The cymbal dynasty

The New York Times’ Lara Pellegrinelli profiles an extraordinarily long-lived dynasty of instrument makers: The Zildjian family, descended from an Armenian metal crafter who in 1618 was tapped by the Ottoman Sultan Osman II to make cymbals for the janissary military bands – whose percussive marches were echoed in the “Turkish” music of European classical composers – and for the sultan’s court orchestras and harem dancers.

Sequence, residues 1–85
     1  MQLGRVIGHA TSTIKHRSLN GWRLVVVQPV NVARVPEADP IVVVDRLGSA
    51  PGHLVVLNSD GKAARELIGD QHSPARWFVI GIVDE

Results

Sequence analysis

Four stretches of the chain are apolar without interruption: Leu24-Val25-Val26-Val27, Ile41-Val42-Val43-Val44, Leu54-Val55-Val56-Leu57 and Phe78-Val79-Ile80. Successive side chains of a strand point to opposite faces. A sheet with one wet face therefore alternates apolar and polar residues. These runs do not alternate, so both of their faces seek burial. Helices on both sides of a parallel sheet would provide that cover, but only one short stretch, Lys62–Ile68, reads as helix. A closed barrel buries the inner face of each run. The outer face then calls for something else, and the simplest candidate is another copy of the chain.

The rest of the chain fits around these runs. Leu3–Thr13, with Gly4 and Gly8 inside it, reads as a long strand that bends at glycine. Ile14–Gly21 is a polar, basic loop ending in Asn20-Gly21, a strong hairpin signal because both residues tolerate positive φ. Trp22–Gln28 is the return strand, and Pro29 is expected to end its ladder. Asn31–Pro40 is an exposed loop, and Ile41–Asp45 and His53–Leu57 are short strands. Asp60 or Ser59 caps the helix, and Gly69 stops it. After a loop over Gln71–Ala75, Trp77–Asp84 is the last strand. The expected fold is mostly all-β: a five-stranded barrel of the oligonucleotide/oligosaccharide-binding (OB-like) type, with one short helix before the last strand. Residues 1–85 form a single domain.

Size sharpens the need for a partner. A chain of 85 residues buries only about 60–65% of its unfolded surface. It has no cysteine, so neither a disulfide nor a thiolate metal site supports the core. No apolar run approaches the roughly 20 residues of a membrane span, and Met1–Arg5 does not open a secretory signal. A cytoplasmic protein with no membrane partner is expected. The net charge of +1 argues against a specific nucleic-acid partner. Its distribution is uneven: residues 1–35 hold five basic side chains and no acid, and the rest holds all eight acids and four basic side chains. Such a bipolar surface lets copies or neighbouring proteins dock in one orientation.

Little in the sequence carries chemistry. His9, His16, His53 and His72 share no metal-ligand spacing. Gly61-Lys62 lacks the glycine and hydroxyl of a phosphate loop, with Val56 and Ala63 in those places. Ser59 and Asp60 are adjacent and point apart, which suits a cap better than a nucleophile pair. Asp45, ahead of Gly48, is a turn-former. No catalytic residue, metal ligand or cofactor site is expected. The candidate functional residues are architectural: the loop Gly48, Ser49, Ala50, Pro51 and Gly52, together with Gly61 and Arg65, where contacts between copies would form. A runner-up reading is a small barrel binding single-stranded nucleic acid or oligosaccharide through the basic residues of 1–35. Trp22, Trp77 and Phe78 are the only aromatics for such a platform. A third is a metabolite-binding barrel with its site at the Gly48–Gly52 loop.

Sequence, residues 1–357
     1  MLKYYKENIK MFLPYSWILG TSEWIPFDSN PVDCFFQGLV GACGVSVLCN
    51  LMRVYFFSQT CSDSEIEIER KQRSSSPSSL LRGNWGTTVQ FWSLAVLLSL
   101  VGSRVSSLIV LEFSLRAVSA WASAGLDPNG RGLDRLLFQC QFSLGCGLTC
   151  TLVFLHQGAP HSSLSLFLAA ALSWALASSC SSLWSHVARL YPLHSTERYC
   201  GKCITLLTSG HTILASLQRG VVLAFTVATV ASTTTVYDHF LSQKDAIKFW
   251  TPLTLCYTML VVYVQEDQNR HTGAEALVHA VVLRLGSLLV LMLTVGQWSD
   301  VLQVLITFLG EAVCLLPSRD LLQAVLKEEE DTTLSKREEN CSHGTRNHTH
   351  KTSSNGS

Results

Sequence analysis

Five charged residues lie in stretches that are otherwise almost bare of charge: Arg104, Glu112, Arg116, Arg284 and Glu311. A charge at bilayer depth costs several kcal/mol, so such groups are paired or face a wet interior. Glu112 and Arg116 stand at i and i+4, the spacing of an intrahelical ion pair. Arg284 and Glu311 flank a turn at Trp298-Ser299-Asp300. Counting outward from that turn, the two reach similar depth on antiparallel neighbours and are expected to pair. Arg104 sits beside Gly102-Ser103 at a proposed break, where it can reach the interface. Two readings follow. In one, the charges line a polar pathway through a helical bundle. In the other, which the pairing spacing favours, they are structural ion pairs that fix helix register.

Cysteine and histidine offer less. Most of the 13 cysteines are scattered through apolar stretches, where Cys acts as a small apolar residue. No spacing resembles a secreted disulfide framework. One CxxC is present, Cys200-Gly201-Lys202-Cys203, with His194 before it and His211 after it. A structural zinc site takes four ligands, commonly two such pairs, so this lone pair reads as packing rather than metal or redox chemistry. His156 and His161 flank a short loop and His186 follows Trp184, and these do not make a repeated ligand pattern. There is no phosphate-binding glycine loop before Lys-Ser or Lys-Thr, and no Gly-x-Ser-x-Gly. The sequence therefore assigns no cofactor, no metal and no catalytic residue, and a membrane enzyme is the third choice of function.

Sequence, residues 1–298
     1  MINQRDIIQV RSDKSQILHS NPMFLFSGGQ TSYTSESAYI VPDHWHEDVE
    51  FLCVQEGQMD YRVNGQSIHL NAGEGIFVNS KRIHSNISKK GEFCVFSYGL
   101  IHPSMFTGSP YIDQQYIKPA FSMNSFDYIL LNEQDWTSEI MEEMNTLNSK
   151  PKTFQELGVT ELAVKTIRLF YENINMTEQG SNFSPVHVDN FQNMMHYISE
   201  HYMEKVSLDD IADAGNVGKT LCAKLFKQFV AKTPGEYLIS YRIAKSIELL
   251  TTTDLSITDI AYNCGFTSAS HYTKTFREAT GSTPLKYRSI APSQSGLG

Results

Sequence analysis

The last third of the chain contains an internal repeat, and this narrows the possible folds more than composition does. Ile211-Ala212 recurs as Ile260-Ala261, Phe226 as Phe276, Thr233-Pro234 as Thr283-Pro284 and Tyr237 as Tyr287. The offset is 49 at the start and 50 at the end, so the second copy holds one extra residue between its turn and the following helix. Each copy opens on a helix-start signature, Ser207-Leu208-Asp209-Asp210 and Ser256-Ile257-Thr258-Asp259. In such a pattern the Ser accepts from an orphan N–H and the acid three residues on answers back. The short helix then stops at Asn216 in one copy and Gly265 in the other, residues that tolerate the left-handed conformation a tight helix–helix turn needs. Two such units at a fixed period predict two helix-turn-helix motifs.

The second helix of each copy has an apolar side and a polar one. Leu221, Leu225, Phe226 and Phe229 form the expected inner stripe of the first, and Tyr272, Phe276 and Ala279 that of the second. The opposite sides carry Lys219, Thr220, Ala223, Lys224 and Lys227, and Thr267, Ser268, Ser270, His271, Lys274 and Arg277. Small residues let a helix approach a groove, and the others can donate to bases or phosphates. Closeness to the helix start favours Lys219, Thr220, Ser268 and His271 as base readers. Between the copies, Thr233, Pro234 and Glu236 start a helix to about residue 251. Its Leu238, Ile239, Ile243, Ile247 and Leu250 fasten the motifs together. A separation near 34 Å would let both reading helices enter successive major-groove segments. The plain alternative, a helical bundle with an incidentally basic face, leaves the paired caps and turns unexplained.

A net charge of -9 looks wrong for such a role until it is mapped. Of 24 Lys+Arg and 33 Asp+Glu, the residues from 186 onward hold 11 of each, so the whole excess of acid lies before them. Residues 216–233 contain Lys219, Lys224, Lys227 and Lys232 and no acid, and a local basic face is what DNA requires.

The family firm went on to produce cymbals prized by symphony and opera orchestras since the 19th century, and, from the 1920s onward, models tailored to the sounds of jazz and rock. Now the 14th generation of Zildjians are developing an electronic cymbal:

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